1. Define Your Company Values and Live Them

Your employees should fully understand your values, see you act on them in your interactions with them and your customers, and be involved in making a difference in the world based on those values. The 2014 Millennial Impact [PDF] study shows that company culture plays a notable role in employee recruitment, satisfaction, and retention — all factors that contribute to a healthy bottom line. Quality employees are a key to business success, and losing them hurts financially. In fact, according to a story by CBS News, it costs an average of 20 percent of an employee’s salary to replace that person. Keep your employees happy and loyal by publishing your company values, talking about them often, asking them to live by them while at work, and creating a company cause volunteer policy that will make them feel as if they are making a difference in what matters.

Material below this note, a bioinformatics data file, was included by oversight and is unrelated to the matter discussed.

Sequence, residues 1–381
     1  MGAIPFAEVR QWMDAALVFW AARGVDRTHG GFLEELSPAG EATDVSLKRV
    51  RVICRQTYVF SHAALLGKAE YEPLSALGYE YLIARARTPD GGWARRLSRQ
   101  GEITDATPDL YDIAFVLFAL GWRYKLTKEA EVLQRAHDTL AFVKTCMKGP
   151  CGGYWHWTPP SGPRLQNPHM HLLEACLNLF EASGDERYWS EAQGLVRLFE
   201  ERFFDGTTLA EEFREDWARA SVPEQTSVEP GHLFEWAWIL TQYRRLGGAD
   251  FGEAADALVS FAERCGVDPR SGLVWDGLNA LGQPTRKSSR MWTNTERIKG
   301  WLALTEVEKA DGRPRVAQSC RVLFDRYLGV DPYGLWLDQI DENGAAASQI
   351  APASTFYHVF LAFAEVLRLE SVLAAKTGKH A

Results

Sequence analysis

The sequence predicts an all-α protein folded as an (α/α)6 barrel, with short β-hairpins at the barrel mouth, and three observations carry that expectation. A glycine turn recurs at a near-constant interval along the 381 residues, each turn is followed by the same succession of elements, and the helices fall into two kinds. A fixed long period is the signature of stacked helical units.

2. Set Standards 

If you want a highly productive and profitable culture, everyone involved will need to contribute to and live by the company values you establish. If any of your employees are lagging behind or bringing down the morale or production rate of the company, it’s probably in your best interest to replace them. It may cause dissent and lower morale if you create and expect high standards from some while allowing others to perform poorly. A great example of a company that applies this maxim is Zappos. Management is so serious about only employing people who are dedicated to their company culture and are willing to live by those core values that they offer $4,000 to any new hires who decide they want to quit after a five-week training program. This is meant to keep people who aren’t aligned with company values off the payroll.